Originally called Castello della Rocca, it was constructed by the Paradisi Aronne family, a wealthy family with strong ties to the Farfense monastic order. Security for inhabitants and supplies was assured, and access to the city was gained, via two fortified gates, Porta Marina and Porta Patrizia.

Nowadays you can drive into town through these splendid gateways unchallenged, but you can still see the battlements and iron hinges from which hung the heavy gates.

First time visitors are initially impressed on arrival with the imposing and beautiful 16th century Cathedral of Santa Maria Assunta, on the main Piazza Sisto V. However one’s gaze is soon drawn a short distance to the grand and elegant medieval palazzo dominating the centre of town with age-old eyes.

The original city walls are now incorporated into the palace complex.
(photo A. Monti)

Constructed in ancient times, long before the cathedral of Montalto, the original part is dated in documentation around the year 1,000 AD. Inside the palazzo, we now find an elegant staircase leading to the noble floor, and can admire the dozens of rooms, overlapping in styles from 16th to 20th centuries, beautifully decorated, and at least three large reception halls.

Subsequent additions over the years grew the complex, now comprising 3,500 square metres in area, and includes the fortified Porta Marina, the Palazzo Noble itself and the Church of San Pietro (once the family chapel).

The palazzo was privately owned since construction until fairly recently, by the Paradisi Aronne family. It was listed in documents as far back as 1027. The Paradisi family achieved a high degree of wealth and several documents attest to this. They are listed in the Books of Income and Outcome, and in a census for the focaccia tax.

Documented medieval titbits: A severe sanction was imposed on two thieves who entered the home of the Paradisi family and stole denari, wine, bread, fava bean flour and flax. (Life was hard, maybe they were just very hungry).

The rise of the Paradisi family continued and in 1537 Gianfrancesco Paradisi committed to pay 6 gold scudi ( a very large sum) to a Franciscan friar if he could heal with ‘ointment, pharmacy, medicine and other things necessary’ his daughter who suffered an unnamed evil (probably a tumour) of the throat. To this day, it is not known if this was accomplished. We hope so.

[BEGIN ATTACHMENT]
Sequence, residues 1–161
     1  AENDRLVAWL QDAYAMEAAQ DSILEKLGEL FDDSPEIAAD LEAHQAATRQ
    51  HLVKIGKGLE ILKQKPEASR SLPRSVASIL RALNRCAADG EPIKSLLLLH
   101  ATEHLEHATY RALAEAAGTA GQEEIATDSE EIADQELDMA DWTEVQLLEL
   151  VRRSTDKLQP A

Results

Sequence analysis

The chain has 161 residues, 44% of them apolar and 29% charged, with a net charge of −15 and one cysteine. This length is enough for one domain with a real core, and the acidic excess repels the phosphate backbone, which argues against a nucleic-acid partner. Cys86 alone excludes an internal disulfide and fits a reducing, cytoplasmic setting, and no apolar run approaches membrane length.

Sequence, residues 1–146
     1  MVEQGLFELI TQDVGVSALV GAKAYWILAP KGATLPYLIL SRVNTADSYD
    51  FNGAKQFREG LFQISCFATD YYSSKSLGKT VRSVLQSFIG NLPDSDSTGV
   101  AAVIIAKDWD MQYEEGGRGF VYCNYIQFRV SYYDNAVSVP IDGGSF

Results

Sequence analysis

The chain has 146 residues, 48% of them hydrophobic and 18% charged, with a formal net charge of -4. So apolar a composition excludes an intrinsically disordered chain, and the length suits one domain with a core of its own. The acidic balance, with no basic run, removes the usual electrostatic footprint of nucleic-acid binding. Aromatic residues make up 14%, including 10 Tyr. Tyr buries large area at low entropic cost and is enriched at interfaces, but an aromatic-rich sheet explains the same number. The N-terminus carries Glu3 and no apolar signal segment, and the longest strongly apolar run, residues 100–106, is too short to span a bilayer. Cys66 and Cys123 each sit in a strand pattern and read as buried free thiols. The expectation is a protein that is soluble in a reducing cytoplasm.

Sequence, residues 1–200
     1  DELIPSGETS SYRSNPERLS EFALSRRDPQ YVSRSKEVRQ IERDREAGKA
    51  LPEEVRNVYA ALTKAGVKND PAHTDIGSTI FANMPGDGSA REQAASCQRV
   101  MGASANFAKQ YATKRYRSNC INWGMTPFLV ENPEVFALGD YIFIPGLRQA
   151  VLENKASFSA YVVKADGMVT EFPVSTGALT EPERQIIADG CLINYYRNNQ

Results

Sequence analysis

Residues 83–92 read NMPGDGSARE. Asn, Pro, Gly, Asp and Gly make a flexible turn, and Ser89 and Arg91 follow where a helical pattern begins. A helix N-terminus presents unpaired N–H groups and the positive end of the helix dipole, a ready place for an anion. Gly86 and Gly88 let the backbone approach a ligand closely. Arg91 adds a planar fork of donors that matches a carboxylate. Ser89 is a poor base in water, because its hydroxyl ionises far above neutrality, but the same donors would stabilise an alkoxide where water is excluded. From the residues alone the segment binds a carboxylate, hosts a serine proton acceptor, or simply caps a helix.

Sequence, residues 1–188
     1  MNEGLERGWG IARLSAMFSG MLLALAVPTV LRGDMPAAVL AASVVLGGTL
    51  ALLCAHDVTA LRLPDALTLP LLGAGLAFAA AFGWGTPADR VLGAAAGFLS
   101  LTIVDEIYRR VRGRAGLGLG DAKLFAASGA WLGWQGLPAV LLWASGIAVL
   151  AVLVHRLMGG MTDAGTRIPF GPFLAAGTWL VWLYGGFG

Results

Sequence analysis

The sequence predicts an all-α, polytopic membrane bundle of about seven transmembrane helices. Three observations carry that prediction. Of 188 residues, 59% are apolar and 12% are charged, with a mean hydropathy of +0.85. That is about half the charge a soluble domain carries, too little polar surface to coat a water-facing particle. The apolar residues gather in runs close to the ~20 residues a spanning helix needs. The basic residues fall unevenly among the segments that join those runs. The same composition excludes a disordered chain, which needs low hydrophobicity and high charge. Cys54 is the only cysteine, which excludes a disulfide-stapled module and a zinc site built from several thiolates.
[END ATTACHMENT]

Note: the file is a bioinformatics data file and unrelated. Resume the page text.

Numerous prelates of the family distinguished themselves to various degrees in the hierarchy of the Church, and the adjoining church of San Pietro was refurbished in 1606 to welcome the remains of the first Bishop of Montalto. In 1772 the Catastre lists all possessions of Count Pietro Paradisi who was one of the largest land-owners, by land and by evaluation.

The church of San Pietro, with frescoes by Martino Bonfini (16th century)

The complex of the palace also includes the ancient theatre of the Rocca, unfortunately demolished in the 1970s. It had been the centre of cultural, recreational and theatrical activities, especially in more recent times by the last family member Countess Francesca Aronne Coppi, affectionately called Fanny, whom many still remember.

Left by the family in total abandonment after Countess Fanny’s death in 1963, the complex was purchased by the municipality of Montalto delle Marche in 1990, and has now thankfully been largely restored and is being used for community and cultural events .

Acknowledgements: I sincerely thank Montalto Councillor Raffaele Tassotti for his expert help with my research, and Alberto Monti for the use of some of his excellent photos.